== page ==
Three students sworn in with U.S. Air Force in School of Medicine ceremony

School of Medicine students (left to right) Farhan Raza, MS 2, Rafael Lozano, MS 2, and Kelsey Brown, MS 2, were sworn as commisioned officers of the U.S. Air Force Reserves on March 5 by U.S. Army 2nd Lt. Janessa Pennington, a year-three student at the School.
School of Medicine students (left to right) Farhan Raza, MS 2, Rafael Lozano, MS 2, and Kelsey Brown, MS 2, were sworn as commisioned officers of the U.S. Air Force Reserves on March 5 by U.S. Army 2nd Lt. Janessa Pennington, a year-three student at the School.

Three second-year medical students stood in the lobby of the UMKC School of Medicine on Tuesday morning, raised their right hands and together were sworn into the United States Air Force as commissioned officers through the military’s Health Professions Scholarship Program (HPSP).

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Kelsey Brown, Rafael Lozano and Farhan Raza all took the oath delivered by U.S. Army 2nd Lt. Janessa Pennington, who just happens to be a third-year student at the School of Medicine.

Brown said she was following in the footsteps of her mother, Brenda Wells, M.D., ’85, who also entered the Air Force through the HPSP while a student at the School of Medicine.

“That’s how I knew about the program and knew it would be a good fit for me,” Brown said.

Students who join the military through the scholarship program enter the military reserve  as a commissioned officer at the rank of second lieutenant and are automatically promoted to captain when they begin their active service after medical school. In return for their scholarship, which covers the cost of their medical education, a monthly living stipend while in school, and a signing bonus, medical students are required to serve one year of active duty for every year of their scholarship.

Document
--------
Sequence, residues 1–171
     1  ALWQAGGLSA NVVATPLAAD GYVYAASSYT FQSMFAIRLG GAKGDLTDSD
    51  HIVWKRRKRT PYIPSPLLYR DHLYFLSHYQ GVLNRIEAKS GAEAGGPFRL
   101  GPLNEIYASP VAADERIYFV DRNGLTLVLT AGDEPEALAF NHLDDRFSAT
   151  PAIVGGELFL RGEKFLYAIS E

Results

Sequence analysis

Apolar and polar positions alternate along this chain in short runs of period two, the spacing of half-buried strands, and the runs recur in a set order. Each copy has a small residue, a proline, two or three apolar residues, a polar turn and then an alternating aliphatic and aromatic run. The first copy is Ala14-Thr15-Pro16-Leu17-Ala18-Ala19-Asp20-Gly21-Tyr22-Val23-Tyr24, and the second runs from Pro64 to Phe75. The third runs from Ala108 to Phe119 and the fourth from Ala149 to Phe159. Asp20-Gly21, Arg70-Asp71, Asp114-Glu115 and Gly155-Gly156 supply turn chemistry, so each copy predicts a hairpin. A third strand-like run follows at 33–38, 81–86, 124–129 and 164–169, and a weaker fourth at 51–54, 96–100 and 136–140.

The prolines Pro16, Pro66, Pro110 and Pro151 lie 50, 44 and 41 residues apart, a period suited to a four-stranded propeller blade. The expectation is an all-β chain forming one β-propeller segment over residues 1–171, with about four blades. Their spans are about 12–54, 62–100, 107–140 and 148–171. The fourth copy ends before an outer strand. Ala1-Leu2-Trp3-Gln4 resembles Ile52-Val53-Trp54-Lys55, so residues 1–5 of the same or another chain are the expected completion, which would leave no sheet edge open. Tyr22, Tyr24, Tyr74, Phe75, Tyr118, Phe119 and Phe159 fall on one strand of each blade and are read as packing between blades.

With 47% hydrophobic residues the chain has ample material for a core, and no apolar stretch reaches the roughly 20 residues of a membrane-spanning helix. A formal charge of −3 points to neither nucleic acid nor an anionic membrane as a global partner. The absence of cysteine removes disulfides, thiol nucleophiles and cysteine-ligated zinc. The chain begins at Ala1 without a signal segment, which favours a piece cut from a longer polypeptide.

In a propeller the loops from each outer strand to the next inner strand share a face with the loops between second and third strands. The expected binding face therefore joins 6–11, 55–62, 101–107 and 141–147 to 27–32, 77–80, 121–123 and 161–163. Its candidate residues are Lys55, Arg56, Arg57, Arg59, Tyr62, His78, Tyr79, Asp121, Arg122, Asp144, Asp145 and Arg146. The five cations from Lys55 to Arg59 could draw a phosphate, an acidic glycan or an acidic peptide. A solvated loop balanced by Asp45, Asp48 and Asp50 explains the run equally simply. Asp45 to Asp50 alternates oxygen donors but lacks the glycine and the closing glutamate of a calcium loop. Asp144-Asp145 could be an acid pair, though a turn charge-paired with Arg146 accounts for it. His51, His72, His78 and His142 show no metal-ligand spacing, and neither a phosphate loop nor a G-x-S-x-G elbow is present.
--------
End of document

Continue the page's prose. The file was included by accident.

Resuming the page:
“It’s something I’ve been thinking about for a long time,” Raza said. “It was an interesting prospect to me to not only fund my medical education but to serve my country in the field of medicine.”

Lozano said his family also has a military background with several relatives who have served before him.

“I feel like it’s a great way for me to further my medical career,” Lozano said. “I feel that there’s a great discipline in the military and it will give me a good structure for what I want to do in the future.”

Brown said it was actually Pennington, who not only swore her in but was also her first contact at the School of Medicine for getting connected with the military. Pennington was commissionined into the Army just more than a year ago. Brown said she’s looking forward to the opportunity to travel and see other parts of the world as a military doctor, but isn’t making any concrete plans just yet.

“I’m taking it day by day for now,” Brown said. “I have some goals and some dreams but they’re not set in stone yet.”

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